Along with the German election, this is one of the real biggies. Still reeling for eighteen months of high-profile Islamist terrorist outrages and with a stable but stagnant economy, one thing is sure for France: 2017 will see a change of political direction. Which direction it moves in remains to be seen.
The current Socialist party-led government is widely expected to be ousted and following his surprise victory, free-marketeer François Fillon is now at the helm of the centre-right Les Republicains. He wants to shake-up France’s centrist post-war consensus – something which has seen him portrayed as Margaret Thatcher on the front page of left newspaper Libération – and a tough line on immigration and integration.
His main rival is Front National (FN) leader Marine Le Pen, who has been growing her party with a three pronged strategy. Firstly, she ejected her own father and has sought to distance the party from its quasi-fascist past. Secondly, she has promoted a traditionally French ‘social economy’ with policies familiar from the left. Finally, she has capitalised on Islamist terrorism with calls for an end to immigration.
France’s two round run-off system favours mainstream parties: protest votes in the first round may help the likes of the FN, but in the second round supporters of the eliminated mainstream party may rally around their opponents in order to keep the fringe parties from winning power, precisely as happened in 2002 when conservative Jacques Chirac was voted into power by not only his supporters but also socialists who wanted to keep Jean-Marie Le Pen out of the Élysée.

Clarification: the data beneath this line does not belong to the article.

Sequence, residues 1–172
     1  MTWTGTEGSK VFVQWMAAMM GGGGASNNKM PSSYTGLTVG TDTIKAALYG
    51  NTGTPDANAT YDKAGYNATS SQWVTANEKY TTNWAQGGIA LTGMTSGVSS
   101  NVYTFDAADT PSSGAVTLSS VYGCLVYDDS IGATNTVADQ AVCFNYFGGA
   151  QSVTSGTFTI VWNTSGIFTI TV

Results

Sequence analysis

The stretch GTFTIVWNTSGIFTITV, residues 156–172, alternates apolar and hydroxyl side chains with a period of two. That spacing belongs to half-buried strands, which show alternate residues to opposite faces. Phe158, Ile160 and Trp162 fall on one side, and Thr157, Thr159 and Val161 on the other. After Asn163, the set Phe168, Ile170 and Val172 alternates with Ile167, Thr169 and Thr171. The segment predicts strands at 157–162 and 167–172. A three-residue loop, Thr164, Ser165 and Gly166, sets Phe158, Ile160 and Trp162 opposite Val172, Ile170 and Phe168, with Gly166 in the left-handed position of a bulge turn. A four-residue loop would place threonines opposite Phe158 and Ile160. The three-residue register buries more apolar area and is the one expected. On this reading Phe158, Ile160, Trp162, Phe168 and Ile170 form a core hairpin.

Serbian presidential election
Europe’s pariah in the 1990s, it has been long expected that Serbia would come back into the fold, but now, with Russian flexing its muscles, the country is poised to make a choice between east and west. Snap parliamentary elections held this year saw a landslide for the free-market conservatives of the Progressive party. The result was widely interpreted as a victory for pro-EU forces, and incumbent president Tomislav Nikoli? will seek to continue this by defeating Vojislav Šešelj of the Serbian Radical party.
June 23, 2017
Czech general election
Currently polling second in the Czech republic is Ano, meaning ‘Yes’, a party that grew out of the Action of Dissatisfied Citizens. Led by billionaire media tycoon Andrej Babiš, one of the country’s richest men, the party is mildly eurosceptical. Babiš gave a cautious welcome to Trump, saying Americans ‘think they’ve had enough of corruption and the old ways’ and expressed hope that the EU would ‘solve the migration problem’ by working with Trump to end conflict in the Middle East and ‘allow them to return to their homes’.